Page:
Information for employers

For a company or organisation, it’s important to consider if any workplace adjustments can be made to help ease someone’s symptoms.

Anxiety related to the workplace can have an impact on performance, so it’s important employees know where they can access support.

It is important to have an open conversation about your employee’s mental health. This is best done with compassion and understanding, and without judgement. It’s beneficial to explore what workplace adjustments can be made and review how these are going.

These strategies should always focus on compassion and understanding.

Mindfulness and relaxation techniques

Mindfulness is a technique you can practice anywhere. For some experienced individuals, mindfulness has become a way of life.

Mindful thinking is all about being present and noticing our thoughts without judgement. Try to stop and think about what’s around you and just notice your thoughts rather than paying attention to what it is you are thinking about.

When we’re being mindful, we are aware of what is real and what is happening in the here and now, not what anxiety is trying to tell us. Mindfulness instructs us to observe our thoughts as they come and go without latching on or attaching to them.

Managing your time and workload

If you suffer with anxiety, an effective coping mechanism is to work to structure and frame your workload. This may involve allocating a specific amount of time to each task or creating a checklist for the following day before you leave in the evening.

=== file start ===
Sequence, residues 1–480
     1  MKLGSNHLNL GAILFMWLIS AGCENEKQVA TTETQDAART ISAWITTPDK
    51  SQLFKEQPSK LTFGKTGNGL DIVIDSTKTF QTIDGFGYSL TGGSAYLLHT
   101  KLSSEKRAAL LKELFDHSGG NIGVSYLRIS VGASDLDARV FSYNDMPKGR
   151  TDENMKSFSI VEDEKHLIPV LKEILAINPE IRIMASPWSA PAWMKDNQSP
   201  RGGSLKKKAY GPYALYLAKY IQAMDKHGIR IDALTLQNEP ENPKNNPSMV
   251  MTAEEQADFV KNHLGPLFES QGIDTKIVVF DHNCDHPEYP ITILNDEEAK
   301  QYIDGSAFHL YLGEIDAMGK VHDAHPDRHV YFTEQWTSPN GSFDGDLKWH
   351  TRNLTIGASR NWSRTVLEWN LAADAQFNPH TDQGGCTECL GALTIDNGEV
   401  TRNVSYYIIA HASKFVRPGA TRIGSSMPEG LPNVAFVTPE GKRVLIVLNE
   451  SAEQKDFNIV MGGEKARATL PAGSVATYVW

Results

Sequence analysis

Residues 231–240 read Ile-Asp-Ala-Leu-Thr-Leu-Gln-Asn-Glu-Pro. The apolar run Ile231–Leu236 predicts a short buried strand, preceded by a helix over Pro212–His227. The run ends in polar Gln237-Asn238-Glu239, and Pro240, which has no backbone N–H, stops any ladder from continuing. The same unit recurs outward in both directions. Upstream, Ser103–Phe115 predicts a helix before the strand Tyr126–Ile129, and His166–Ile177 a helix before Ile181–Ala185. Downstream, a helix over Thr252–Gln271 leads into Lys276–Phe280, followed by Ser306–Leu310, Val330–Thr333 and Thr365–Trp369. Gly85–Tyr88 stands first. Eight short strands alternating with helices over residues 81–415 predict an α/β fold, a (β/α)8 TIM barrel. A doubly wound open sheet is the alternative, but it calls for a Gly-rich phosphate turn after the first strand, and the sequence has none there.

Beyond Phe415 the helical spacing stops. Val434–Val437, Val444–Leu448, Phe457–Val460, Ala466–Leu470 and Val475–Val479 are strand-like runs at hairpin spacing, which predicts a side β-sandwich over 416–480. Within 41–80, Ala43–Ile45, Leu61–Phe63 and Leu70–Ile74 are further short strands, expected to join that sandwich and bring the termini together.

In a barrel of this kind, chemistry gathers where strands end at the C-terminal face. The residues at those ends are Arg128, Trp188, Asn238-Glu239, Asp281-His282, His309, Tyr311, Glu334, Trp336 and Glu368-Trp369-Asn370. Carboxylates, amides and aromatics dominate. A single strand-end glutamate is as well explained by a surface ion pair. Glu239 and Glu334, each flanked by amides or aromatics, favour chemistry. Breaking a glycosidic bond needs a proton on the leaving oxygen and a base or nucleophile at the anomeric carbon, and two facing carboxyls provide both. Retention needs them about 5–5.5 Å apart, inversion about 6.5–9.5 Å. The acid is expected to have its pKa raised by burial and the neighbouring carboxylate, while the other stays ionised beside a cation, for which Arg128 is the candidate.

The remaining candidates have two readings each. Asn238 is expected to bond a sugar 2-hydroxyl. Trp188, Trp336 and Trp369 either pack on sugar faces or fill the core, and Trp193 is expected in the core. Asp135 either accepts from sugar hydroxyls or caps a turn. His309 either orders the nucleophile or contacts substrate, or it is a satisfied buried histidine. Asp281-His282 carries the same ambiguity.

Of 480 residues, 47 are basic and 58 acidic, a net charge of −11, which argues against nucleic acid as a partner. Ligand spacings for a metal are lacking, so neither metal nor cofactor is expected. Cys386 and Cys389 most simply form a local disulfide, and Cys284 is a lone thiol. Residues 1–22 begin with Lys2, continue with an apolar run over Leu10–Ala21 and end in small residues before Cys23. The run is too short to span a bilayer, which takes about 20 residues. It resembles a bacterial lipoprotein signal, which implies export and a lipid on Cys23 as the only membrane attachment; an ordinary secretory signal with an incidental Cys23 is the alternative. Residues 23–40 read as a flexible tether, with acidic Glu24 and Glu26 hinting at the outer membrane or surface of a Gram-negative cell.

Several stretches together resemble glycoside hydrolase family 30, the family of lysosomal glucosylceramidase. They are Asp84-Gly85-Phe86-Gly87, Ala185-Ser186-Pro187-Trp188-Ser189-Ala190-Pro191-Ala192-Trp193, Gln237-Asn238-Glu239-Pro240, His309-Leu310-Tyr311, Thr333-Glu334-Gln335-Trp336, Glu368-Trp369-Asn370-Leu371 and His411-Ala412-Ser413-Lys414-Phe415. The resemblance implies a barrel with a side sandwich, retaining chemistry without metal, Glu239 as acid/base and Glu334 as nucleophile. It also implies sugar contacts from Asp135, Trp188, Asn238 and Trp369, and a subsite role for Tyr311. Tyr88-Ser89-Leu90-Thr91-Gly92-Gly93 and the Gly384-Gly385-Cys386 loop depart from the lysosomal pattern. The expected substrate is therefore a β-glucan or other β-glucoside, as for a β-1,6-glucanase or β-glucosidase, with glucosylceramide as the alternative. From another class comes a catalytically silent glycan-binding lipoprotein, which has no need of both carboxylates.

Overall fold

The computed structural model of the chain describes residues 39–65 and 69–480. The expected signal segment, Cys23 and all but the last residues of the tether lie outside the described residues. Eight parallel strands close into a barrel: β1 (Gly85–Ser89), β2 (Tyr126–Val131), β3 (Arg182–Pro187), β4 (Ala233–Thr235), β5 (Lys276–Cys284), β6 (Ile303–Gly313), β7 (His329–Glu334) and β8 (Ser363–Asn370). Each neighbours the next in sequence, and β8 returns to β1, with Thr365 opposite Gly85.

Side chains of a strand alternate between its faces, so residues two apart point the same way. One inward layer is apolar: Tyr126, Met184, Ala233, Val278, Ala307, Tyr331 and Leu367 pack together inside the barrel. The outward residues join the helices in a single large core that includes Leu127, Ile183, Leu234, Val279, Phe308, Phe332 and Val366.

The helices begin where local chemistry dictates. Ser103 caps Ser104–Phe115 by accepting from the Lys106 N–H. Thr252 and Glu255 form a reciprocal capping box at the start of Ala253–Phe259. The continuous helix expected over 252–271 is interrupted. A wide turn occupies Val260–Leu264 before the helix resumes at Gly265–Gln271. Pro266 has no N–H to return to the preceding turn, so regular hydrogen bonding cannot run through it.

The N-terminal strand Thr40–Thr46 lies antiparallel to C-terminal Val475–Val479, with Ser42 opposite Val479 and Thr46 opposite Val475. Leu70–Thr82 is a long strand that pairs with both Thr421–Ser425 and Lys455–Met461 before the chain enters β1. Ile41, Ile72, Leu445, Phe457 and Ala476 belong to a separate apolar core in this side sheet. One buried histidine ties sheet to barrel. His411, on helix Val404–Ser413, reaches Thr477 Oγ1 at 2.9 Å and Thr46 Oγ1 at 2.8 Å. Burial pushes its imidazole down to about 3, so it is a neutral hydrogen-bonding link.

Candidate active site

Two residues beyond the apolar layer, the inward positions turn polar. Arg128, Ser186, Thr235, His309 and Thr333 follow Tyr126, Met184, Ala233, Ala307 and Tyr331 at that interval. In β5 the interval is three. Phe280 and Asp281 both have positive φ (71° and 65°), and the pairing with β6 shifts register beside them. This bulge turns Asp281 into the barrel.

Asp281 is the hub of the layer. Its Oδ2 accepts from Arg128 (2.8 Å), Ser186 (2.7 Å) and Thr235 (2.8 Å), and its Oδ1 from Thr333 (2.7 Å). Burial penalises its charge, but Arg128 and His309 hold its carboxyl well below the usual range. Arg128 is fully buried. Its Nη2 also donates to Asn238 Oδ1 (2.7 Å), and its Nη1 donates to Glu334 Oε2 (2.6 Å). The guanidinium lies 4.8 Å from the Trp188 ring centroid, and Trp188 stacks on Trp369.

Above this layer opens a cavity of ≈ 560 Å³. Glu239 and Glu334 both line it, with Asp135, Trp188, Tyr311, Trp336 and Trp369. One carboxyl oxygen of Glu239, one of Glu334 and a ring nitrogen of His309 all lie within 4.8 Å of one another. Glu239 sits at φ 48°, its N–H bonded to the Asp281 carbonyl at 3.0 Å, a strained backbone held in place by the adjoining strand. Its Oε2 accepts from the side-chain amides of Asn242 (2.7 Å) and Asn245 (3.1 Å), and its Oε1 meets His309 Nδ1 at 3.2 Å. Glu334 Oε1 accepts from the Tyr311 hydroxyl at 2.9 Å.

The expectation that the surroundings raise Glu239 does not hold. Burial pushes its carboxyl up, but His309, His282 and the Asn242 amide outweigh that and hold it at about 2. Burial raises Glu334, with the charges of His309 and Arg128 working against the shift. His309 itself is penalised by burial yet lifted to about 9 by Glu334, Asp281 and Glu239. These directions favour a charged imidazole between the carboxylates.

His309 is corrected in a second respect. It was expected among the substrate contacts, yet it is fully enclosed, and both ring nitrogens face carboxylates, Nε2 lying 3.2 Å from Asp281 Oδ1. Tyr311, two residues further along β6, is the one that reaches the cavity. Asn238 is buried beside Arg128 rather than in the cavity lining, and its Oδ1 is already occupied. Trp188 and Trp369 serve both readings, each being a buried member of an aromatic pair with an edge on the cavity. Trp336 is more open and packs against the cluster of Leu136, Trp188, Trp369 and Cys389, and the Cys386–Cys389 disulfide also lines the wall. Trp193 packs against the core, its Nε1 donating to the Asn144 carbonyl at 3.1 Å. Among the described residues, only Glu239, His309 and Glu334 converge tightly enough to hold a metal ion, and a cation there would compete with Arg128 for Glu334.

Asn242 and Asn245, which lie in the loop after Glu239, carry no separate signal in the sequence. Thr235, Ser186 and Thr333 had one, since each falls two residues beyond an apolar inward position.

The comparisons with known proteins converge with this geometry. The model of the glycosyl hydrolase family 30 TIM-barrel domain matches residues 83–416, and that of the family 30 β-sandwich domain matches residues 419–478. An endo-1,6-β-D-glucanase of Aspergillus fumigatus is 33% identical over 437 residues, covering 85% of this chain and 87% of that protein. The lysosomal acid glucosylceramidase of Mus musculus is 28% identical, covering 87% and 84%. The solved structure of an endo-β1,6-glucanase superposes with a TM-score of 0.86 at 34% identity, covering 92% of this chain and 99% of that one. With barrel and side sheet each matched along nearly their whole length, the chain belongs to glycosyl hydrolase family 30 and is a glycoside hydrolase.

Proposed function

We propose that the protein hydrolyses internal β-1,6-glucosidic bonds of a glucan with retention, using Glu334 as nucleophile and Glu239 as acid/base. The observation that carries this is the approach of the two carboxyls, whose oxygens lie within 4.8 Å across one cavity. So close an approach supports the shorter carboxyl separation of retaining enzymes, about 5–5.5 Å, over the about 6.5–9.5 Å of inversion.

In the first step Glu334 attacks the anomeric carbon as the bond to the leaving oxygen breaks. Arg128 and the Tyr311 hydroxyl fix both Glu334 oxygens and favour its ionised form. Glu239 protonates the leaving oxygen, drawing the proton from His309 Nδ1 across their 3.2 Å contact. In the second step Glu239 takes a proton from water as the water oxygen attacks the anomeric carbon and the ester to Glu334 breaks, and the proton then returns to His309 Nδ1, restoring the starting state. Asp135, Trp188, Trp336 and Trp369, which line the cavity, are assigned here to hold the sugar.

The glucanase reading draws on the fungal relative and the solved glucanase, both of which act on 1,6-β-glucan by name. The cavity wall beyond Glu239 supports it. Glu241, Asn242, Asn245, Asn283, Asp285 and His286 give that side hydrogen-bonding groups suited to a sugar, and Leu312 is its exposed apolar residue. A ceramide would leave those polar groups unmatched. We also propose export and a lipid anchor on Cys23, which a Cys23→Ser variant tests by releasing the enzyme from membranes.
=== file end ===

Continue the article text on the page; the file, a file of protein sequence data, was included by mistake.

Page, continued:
Structure and organisation are important for people with anxiety. Communicate with your stakeholders to make them aware of when they can expect a task to be completed. Another way to manage your workload is to create a priority hierarchy where you tackle tasks in order of importance.

Setting boundaries and why it’s so important

Boundaries are the bedrock of good workplace mental health. If you allow work to seep into your home life, you aren’t going to recharge and reboot when you leave the office. If you work from home, this is even more important, as the physical lines between the workplace and your home are blurred.

Healthy boundaries are how we decide where our professional responsibilities end and our personal life begins. Here are some healthy ways you can set boundaries at work to minimise the gravity of workplace anxiety:

  • Define regular work hours: if you work from home and can work flexibly, make sure this works for you and doesn’t result in late evenings at your desk. Whilst this might be necessary on occasion, regularly adjusting your schedule can cause further anxiety